Wednesday, March 20, 2013

Wisconsin budget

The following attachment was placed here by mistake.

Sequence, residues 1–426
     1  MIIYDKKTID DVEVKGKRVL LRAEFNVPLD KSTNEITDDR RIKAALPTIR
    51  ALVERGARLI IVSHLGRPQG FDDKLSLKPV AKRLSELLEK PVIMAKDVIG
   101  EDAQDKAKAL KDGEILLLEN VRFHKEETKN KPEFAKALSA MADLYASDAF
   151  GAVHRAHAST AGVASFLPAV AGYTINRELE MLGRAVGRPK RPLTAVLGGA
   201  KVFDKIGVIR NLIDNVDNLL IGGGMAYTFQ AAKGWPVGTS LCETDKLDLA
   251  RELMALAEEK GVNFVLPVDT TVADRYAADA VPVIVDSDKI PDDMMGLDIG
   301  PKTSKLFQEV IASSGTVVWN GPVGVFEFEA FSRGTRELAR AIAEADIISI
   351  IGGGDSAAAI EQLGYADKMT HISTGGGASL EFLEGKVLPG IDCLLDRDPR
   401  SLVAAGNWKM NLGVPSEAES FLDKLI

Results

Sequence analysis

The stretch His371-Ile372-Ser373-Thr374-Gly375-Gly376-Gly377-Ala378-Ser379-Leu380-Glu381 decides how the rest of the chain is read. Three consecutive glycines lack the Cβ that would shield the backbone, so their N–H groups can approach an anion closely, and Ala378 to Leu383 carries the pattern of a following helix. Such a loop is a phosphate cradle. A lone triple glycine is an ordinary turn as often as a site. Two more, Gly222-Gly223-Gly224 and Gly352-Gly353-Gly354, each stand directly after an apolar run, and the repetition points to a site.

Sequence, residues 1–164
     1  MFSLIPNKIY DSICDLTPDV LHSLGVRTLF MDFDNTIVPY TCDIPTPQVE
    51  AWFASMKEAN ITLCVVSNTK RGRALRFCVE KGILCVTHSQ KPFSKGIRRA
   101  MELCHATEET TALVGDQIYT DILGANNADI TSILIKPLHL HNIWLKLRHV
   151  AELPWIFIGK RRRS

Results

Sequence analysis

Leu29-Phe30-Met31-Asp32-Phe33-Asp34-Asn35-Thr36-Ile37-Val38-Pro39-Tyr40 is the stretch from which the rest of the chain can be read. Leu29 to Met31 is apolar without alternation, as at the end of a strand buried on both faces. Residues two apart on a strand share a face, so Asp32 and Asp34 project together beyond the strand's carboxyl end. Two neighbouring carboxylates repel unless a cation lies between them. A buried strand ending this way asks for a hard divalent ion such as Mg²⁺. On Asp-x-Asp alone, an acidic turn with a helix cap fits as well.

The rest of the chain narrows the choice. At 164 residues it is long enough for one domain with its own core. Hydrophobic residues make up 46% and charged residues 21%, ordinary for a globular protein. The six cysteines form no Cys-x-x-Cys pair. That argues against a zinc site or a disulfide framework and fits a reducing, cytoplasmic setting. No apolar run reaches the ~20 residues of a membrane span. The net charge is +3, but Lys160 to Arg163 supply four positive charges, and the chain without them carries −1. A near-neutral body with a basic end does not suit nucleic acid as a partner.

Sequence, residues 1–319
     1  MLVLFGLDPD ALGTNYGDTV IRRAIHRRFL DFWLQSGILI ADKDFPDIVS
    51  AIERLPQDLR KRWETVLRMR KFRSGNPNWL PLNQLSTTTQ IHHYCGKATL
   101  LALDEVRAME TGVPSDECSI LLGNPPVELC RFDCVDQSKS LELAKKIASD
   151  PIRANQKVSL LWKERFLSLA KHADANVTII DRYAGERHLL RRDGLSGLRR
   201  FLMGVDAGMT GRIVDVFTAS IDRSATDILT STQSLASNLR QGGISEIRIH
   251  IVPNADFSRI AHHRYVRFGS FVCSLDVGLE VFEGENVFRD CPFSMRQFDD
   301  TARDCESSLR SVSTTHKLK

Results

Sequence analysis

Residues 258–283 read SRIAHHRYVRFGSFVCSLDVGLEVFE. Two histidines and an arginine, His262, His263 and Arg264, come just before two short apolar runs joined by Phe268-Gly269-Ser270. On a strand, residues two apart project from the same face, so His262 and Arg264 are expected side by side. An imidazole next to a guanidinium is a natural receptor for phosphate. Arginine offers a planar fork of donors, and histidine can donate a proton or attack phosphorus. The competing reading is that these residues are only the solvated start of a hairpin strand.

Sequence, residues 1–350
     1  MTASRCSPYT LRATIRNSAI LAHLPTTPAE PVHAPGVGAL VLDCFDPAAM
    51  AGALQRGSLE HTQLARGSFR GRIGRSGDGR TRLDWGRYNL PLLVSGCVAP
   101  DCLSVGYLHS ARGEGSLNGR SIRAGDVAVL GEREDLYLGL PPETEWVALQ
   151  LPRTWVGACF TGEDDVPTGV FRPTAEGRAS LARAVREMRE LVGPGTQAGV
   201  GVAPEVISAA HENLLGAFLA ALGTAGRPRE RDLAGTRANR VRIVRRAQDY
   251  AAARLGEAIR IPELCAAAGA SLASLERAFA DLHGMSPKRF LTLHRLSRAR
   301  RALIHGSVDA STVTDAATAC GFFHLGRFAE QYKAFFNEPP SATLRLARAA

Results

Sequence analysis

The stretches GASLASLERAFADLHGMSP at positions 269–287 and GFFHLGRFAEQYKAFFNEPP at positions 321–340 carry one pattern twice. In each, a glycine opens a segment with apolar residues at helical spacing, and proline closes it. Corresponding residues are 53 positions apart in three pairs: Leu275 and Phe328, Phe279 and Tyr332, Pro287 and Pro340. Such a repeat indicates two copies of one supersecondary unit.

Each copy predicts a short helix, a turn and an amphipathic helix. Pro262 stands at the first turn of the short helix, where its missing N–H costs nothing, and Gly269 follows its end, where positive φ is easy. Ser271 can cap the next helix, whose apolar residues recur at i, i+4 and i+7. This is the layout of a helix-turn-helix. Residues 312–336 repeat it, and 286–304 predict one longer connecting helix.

Southern Wisconsin’s families continue to work hard to make ends meet in an uncertain economy. The unemployment rate in Wisconsin as of February 2013 is high at 7.2 percent, while the national unemployment rate is 7.6 percent. As the economy struggles, much focus has been on increasing taxes to address our deficit and our debt. These tax increases would hit job creators, like those small manufacturers located in industrial parks in our communities, and hard-working families. Our local manufacturers and families are already forced to live under the strains of the current difficult economy. Asking them to pay more will hurt our local communities. What the federal government needs to do is stop spending too much. It simply can no longer afford to spend money that it doesn’t have and take out more loans to pay for that spending. Preventing tax increases on 98 percent of taxpayers On January 2, 2013, taxpayers faced tax increases and automatic across-the-board spending cuts that were schedule to take effect as a result of last summer’s debate about raising our nation’s debt ceiling. These spending cuts, known as sequestration, would have resulted in a 10 percent reduction in Department of Defense programs and an 8 percent reduction in certain domestic federal government programs. These tax increases and automatic cuts in federal spending were referred to as the “fiscal cliff.” According to the Congressional Budget Office, going over the fiscal cliff would have substantially reduced the deficit; however, this restrain would have also reduced our nation's economic growth from 4.4 percent to negative 0.5 percent in 2013, putting us at risk of another recession. Fortunately, there was bipartisan consensus that action needed to be taken. Recognizing the importance of acting to prevent the expiration of current tax rates, the House passed H.R. 8, the American Taxpayer Relief Act of 2012, by a bipartisan vote of 257 to 167—with my support—on January 1, 2013. H.R. 8 prevented a tax rate increase on 98 percent of taxpayers and made these lower tax rates permanent so they would not expire again. H.R. 8 also makes permanent 97 percent of the tax relief provisions for small businesses enacted in 2001 and 2003. Without Congressional action to address this issue, the American people would have been hit with a $4.4 trillion tax increase; instead revenues will increase by $600 billion. In the end, the choice presented to Member of Congress was to either raise taxes by $4.4 trillion or by $600 billion—I voted for the latter. This bill also delays the Fiscal Year 2013 sequestration for two months, giving Congress the opportunity to focus the nation’s attention on the fact that we are spending more money than we have. While not perfect, I supported H.R. 8 because this legislation prevents tax increases on 98 percent of taxpayers, or 114 million households, and delays the automatic across-the-board cuts to our armed forces and key priorities. The House had already passed legislation to prevent tax increases for every American family, and it is unfortunate that President Obama insisted on taking more from hardworking taxpayers. In addition, the House also passed legislation to replace the sequester with reasonable spending reductions, such as stopping fraud by eliminating government slush funds, putting an end to bailouts, and reducing waste and duplicative programs. Regrettably, the Senate failed to take action on this alternative to sequestration. Despite my concerns with other provisions in the bill, I commend my colleagues for limiting the damage as much as possible. At a time when families and small businesses are facing high gas prices and overall increases in the cost of living, the last thing taxpayers need right now or in the future is a tax increase. Now, we must return our attention to the real problem: Washington’s out-of-control spending. This reckless spending drives the debt. And this debt is hurting the economy today. Unless the President gets serious about tackling spending, Americans will face a debt crisis—one that will threaten our most vulnerable in particular. I am hopeful the President will come around and agree to meaningful spending cuts and reforms which are critical if we are going to avert the debt crisis and get the economy growing. I have introduced several budgets that would get government spending under control and will continue putting forth my detailed solution in the upcoming budget this year. The Debt Ceiling and Sequestration On December 26, 2012, U.S. Treasury Secretary Timothy Geithner sent a letter to congressional leaders warning that the national debt would reach its limit of $16.394 trillion on December 31, 2012. Accordingly, the federal debt did reach this limit on December 31, and the Treasury has since implemented “extraordinary measures” to meet federal payments for the immediate future. On January 14, 2013, Secretary Geithner sent an additional letter to House Speaker John Boehner, stating that the Treasury currently expects these extraordinary measures to exhaust as soon as mid-February, and urging further action from Congress and the President to ensure that the U.S. does not default on its financial obligations. Our debt is the product of massive spending increases that occurred under many Presidents and many Congresses over many years, but that does not mean we should or can continue on this unsustainable course. To tackle these fiscal challenges, we need real leadership, meaning a commitment to pay off the debt and balance the budget, and real solutions, rather than empty promises and speeches. The most important issue in this debate is not whether we should raise the debt limit, but instead how we can address our out of control government spending and start reducing our annual deficits and overall national debt. In the coming months, Congress will debate the best ways to address the debt ceiling and avoid across-the-board sequester cuts, which will now go into effect on March 1, 2013, unless action is taken to replace them. In this debate, we must return our attention to the real problem: out-of-control spending. Washington’s reckless spending drives the debt and this debt is hurting the economy today. We’ll never get our debt under control unless we tackle its main drivers: spending money we don’t have. Unless we get at the heart of the problem, Americans will face a debt crisis – one that will threaten our most vulnerable in particular – and it is our responsibility to prevent such a crisis. I remain hopeful that leaders can rise to meet our generation's greatest challenge with specific solutions and responsible budgets. I will keep advancing solutions that deal directly with the drivers of the debt, help get our economy back on track, and ensure future generations a shot at the American Dream. The President’s budget proposal for Fiscal Year (FY) 2013 At a time when strong leadership is needed in the White House, last year, President Obama proposed budget that, in the words of The Washington Post, "falls short." Failing to heed the warnings of economists and the concerns of our fellow Americans, the President's budget accelerates our country down the path to bankruptcy. The House voted on President Obama's budget proposal for FY2013, and unanimously rejected it by a vote of 0 – 414, a clear indication that Republicans and Democrats alike did not believe the President put forth a credible plan to address America's challenges. No Budget, No Pay Act of 2013 Looking ahead to the President’s budget proposal for FY 2014, on January 14, 2013, the White House announced that it will not meet the statutory deadline of submitting its budget proposal to Congress by February 4. The President has only met this deadline once since taking office. This, combined with the Senate’s refusal to comply with the statutory requirement to pass a budget for nearly 4 years, is a true failure of leadership. To bring these failures to an end, the House passed H.R. 325, the No Budget, No Pay Act of 2013 by a vote of 285 to 144. This legislation allows the Treasury to borrow to only pay its bills coming due until May 18, 2013. At the end of that period of time, the debt limit would be increased by the amount that was borrowed to pay the government’s bills until May 18, 2013. It also requires both houses of Congress to pass a budget as stipulated by federal law. Under this bill, if either the House or Senate fail to pass a budget, its members’ pay will be withheld. H.R. 325 is currently pending in the Senate. I voted in favor of this bill because every family sets a budget to pay its bills. Congress should do the same. The House will comply with the budget law and we will not consider another debt-ceiling increase unless the Senate passes a budget. The House will not just keep raising the debt ceiling either. We need to take this opportunity to make a down payment on our debt reduction and point our country in the right direction. Path to Prosperity House Republicans have pledged to lead where the President has failed. The budget advanced by the House of Representatives on March 29, 2012 helps spur job creation today, stops spending money the government does not have, and lifts the crushing burden of debt. The Path to Prosperity cuts more than $5 trillion in spending from the President's budget over the next 10 years, putting the budget on the path to balance and the economy on the path to prosperity. Specifically, the budget: Restores Economic Freedom – The Path to Prosperity fosters a better environment for private-sector job creation by lifting the debt-fueled uncertainty and advancing pro-growth tax reforms. Changes Washington’s Culture of Spending – The budget stops Washington from spending money it does not have on government programs that do not work. It locks in spending cuts with enforceable spending controls. Strengthens Health and Retirement Security – The budget puts an end to empty promises from Washington, offering instead real security through real reforms. The framework established in this budget ensures no disruptions to existing health and retirement benefit programs for those beneficiaries who have organized their retirements around them, while at the same time building stronger programs that future beneficiaries can count on when they retire. Provides for the Common Defense – With American men and women in uniform currently engaged with a fierce enemy and dealing with emerging threats around the world, this budget takes several steps to ensure that national security remains the Federal government’s top priority, including the rejection of proposals to make thoughtless, across-the-board cuts in funding for national defense. Lifts the Crushing Burden of Debt – The budget tackles the existential threat posed by rapidly growing government and debt, applying the nation’s timeless principles to this generation’s greatest challenge. It ensures that the next generation inherits a stronger, more prosperous America. It is unconscionable to leave the next generation with a crushing burden of debt and a nation in decline. The choice of two futures presented in the House-passed FY2013 budget is premised on the wisdom of the American people to build a prosperous future for themselves and for future Americans to come. Today, America is struggling — these are tough times and people are rightfully anxious about the future. But as the challenge grows, so does the opportunity to restore America's promise and prosperity. This budget recommits the federal government to the security of every American citizen's natural right to life, liberty and the pursuit of happiness, while fostering an environment for economic growth and private-sector job creation. This year, I will put forward a budget that meets the statutory deadlines and carries out these priorities.